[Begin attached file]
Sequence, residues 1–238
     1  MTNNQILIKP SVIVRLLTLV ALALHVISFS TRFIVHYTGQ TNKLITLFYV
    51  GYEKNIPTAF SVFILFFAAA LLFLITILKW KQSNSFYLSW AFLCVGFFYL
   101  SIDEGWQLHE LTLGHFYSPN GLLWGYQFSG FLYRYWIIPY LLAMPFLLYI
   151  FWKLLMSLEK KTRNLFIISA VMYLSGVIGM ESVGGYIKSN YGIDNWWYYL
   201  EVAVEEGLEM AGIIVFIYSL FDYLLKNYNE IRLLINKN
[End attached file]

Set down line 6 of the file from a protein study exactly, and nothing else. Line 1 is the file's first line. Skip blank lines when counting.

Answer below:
   201  EVAVEEGLEM AGIIVFIYSL FDYLLKNYNE IRLLINKN